You’ve most recently seen them at the M3 Rock Festival at Merriweather Post Pavilion.
This Friday, Kix comes home to rock the Frederick Fairgrounds in Frederick, Maryland.
“We don’t actually play Frederick that often because there’s not really anywhere to play, so this is really cool to have this opportunity,” guitarist Brian Forsythe told WTOP.
Frederick holds a special place in his rocker heart as his musical stomping grounds.
“I started out back in the ’60s up near Braddock Heights,” Forsythe said. “One night in Frederick at a 7/11, I ran into [Ronnie Younkins] and he told me about this band that him and Donnie Purnell were putting together. … We got together at my parents’ house there [and] the very first song we worked on and played together was ‘Atomic Bombs.'”
The band officially rounded out its lineup in nearby Hagerstown, Maryland.
“We finally got Steve [Whiteman] around ’79, then we replaced our original drummer with Jimmy [Chalfant], so it wasn’t until the end of ’79 until we had the full lineup.”
In 1981, they signed with Atlantic Records for their self-titled debut album, “Kix.”
“The A&R guy from Atlantic came down to a club in Waldorf called the Stardust,” Forsythe said. “We hooked up with this band Face Dancer from Baltimore that had a record out on Capitol. We thought, ‘We’ll get their manager, that way he can get us a record deal.’ Sure enough, he did. … [Atlantic] sent a guy down to Waldorf to see us.”
After the “Cool Kids” (1983) album, they blew up with “Midnight Dynamite” (1985).
“It was kind of an evolution,” Forsythe said. “By the time we got to ‘Midnight Dynamite,’ Donnie’s songwriting was maturing. Every time he was getting better and better. Every album got better and better, so by the time we hit that, we sort of found our identity. I think the first two records were kind of fishing around trying to find it.”
They became a household name with their platinum-selling fifth album, “Blow My Fuse” (1988), featuring the power ballad “Don’t Close Your Eyes,” which reached No. 11 on the Billboard Hot 100. Ironically, it was a late release after three other videos.
“We were on the Tesla-Great White tour [and] Great White’s manager, Alan Niven, who was also Guns N’ Roses’ manager, heard us playing that song every night,” Forsythe said. “After one of the shows, he comes up and he goes, ‘How come that’s not a single?’ … This one started taking off and the list of radio stations … it was really cool.”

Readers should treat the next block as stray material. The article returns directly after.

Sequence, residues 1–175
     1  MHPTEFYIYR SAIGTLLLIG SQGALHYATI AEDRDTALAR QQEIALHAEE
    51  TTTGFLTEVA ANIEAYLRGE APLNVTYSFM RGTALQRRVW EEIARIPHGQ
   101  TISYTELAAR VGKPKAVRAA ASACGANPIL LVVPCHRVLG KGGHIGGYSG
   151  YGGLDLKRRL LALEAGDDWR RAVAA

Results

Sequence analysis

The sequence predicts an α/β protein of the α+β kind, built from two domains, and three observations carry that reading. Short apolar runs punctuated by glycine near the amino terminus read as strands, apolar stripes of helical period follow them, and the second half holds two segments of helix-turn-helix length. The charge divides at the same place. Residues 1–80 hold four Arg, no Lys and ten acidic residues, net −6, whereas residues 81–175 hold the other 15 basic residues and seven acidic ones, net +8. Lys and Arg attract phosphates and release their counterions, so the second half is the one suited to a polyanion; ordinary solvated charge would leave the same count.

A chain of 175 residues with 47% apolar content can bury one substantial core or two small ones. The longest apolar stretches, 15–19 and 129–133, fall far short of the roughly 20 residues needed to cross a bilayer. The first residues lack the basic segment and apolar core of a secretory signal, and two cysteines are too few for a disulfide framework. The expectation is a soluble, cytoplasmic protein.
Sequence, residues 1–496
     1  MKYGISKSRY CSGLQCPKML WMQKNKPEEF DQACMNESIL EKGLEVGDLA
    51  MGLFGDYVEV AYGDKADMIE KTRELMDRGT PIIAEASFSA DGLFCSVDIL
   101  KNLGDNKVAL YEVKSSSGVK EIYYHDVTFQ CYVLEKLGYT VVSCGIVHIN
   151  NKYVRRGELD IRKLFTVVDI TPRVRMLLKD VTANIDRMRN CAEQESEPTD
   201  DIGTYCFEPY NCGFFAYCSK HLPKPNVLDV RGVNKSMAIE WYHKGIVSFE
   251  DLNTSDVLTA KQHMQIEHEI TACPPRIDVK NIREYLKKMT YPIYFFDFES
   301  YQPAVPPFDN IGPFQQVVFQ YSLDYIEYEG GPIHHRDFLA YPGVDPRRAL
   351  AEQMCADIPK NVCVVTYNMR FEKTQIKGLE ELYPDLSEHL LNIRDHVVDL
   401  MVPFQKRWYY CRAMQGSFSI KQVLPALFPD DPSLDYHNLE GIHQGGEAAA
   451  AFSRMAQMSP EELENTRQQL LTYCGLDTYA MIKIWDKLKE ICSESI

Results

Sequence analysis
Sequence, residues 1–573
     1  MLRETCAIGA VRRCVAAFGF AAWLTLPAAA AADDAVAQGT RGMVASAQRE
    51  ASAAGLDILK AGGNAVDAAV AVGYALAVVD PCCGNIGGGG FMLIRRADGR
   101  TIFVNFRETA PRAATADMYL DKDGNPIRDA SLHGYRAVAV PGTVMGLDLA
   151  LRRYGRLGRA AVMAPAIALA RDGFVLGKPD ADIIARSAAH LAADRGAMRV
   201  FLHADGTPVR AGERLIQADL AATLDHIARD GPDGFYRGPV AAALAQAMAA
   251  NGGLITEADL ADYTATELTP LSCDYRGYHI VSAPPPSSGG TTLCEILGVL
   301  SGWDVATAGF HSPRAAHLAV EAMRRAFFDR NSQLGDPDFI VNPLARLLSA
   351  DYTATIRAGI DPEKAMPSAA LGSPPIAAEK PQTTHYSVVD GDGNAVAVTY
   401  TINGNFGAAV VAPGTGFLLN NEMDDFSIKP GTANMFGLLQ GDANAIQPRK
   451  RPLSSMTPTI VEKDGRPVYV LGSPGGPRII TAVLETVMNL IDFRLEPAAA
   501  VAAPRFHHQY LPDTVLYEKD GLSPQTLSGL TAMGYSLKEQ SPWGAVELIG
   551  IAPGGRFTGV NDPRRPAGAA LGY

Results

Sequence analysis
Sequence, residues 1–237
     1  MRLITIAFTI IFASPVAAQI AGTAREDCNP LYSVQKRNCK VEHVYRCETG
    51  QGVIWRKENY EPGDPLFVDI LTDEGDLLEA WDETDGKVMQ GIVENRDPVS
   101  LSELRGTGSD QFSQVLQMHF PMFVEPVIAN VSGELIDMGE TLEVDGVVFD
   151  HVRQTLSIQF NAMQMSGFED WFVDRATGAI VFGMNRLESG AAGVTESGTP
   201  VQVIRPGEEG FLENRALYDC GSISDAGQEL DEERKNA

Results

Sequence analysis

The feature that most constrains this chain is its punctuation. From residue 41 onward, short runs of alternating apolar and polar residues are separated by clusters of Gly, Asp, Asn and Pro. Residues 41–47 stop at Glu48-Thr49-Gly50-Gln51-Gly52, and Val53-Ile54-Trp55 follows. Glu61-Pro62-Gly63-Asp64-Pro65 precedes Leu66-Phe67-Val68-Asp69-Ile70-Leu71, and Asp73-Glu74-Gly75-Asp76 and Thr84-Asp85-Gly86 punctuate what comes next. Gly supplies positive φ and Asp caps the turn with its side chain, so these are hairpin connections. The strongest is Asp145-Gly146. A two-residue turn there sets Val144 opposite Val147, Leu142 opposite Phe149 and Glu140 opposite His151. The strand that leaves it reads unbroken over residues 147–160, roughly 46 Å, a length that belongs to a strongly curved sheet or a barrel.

After their sixth album “Hot Wire” (1991), Kix returned to their home state to record a live album, “Live,” at Cole Field House at the University of Maryland, College Park.
“I remember that very clearly,” Forsythe said. “By the time we got done doing two videos, I know myself personally I was completely worn out, then I had to come out and do a show. … So I felt like it was a little sloppy, but it came off pretty well.”
Since then, they’ve found a home at the M3 Rock Festival in Columbia, Maryland.
“It’s kind of like the hometown crowd,” Forsythe said. “We were just lumped in with all the other bands, then we were doing so well, we would go on [and] everybody would flood in there, then when we got done and the next band goes on, people would start leaving. … So, they ended up putting us on … headlining the Friday night slot.”
The festival was canceled this year due to COVID-19, which makes the Frederick Fairgrounds gig a homecoming for Forsythe, who now lives in Nashville.
“We pretty much stopped playing mid-March,” Forsythe said. “This show popped up not that long ago within the past month because there was nothing going on. … We’re also re-releasing ‘Midnight Dynamite,’ I think the release is Nov. 20 if I’m not mistaken.”
That’s right, a live show this week and an album release next week.
Kix is on a roll during the pandemic, so don’t close your eyes.